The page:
I chose to use all dark brown sugar for its flavor. Cook's Illustrated suggested using a combination of brown and white sugar, the brown intensifying the molasses flavor, and the white acting as a spreading agent, allowing the cookies to have an even thickness without being puffy.

The egg whites in this recipe cause the cookie to have a cake-like crumb, while being more dry and firm. Thus I added one egg yolk for this recipe. I also altered most of the spice ratios from their recipe, in particular adding more ginger and cloves. I followed their exact instructions for baking, which I have included below. The cookies turned out just as I hoped. Soft, chewy, and gingery. I think I might just make these cookies all year round, they are that good(!)


(print)
SPICED GINGER COOKIES WITH MOLASSES RECIPE
makes 40 cookies
recipe adapted from Cook's Illustrated Holiday Baking 
notes: these cookies should look raw and slightly under baked when you take them out of the oven. They should also have distinct cracks on the tops. This is ideal for that soft chewy texture.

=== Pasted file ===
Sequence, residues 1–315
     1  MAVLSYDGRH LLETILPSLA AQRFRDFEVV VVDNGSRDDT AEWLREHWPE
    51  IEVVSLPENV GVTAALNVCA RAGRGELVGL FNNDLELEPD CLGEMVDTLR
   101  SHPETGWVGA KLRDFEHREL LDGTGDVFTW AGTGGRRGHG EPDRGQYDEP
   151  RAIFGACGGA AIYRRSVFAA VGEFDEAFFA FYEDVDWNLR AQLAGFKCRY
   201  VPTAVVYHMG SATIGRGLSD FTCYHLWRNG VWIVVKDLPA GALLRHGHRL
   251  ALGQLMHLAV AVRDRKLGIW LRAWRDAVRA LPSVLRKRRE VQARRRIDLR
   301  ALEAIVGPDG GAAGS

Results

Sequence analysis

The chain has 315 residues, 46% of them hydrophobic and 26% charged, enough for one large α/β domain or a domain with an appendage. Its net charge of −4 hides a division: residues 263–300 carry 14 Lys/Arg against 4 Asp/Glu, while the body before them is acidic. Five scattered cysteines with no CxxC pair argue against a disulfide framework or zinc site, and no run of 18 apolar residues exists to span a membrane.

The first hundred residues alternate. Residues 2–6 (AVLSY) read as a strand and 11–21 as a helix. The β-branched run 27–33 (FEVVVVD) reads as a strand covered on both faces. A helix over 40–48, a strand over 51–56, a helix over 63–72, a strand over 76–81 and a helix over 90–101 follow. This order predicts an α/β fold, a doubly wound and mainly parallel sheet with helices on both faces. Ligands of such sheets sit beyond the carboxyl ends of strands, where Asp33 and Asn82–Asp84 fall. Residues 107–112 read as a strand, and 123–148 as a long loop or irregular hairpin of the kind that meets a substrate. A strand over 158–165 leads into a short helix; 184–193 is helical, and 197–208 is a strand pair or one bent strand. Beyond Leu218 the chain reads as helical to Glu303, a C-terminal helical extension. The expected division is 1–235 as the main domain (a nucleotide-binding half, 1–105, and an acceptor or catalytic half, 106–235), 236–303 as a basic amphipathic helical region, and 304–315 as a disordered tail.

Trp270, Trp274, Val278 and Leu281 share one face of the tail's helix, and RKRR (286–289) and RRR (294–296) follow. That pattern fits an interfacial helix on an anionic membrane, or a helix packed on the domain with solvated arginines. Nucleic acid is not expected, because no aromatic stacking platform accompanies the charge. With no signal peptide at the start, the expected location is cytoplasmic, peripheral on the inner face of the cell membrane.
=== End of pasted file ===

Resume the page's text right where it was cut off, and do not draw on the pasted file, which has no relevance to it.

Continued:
INGREDIENTS
2 1/4 cups all purpose flour
1 1/2 tsp baking soda
2 1/2 tsp ginger
1/2 tsp cinnamon
1/2 tsp ground cloves
1/4 tsp ground nutmeg
1/2 tsp salt

3/4 cup (12 tbsp) unsalted butter, room temperature
1/2 cup dark brown sugar
1/4 cup white granulated sugar
1 egg yolk
1 tsp vanilla
1/2 cup molasses (Brer Rabbit Full Flavor)
1/4 cup coarse sugar

Preheat the oven to 375ºF. Reposition the oven rack to the middle.

Line a baking sheet with parchment paper.

In a large bowl, combine the flour, baking soda, spices, and salt with a whisk. Set to the side.

In the bowl of a stand mixer fitted with the paddle attachment, beat the butter with the dark brown and white sugar on medium speed until light and fluffy - 3 minutes.

Add the egg yolk and vanilla and beat on medium speed until combined - 20 seconds.

Reduce the speed to low and add the molasses. Mix until combined  - 20 seconds.

With the stand mixer on the lowest setting, slowly add the flour and mix until just combined - until you can no longer see any white. You will likely need to stop the mixer and scrape down the sides with a spatula.

With a 1 3/4" melon baller, scoop enough dough to fill the scoop and then scrape the remaining dough so that the bottom is flat - resembling a half circle. Plop the dough into your hand, flat side facing down, and sprinkle with the coarse evaporated sugar, enough to fully coat. Place the cookies onto the baking sheet, flat side facing down, roughly 2 inches apart.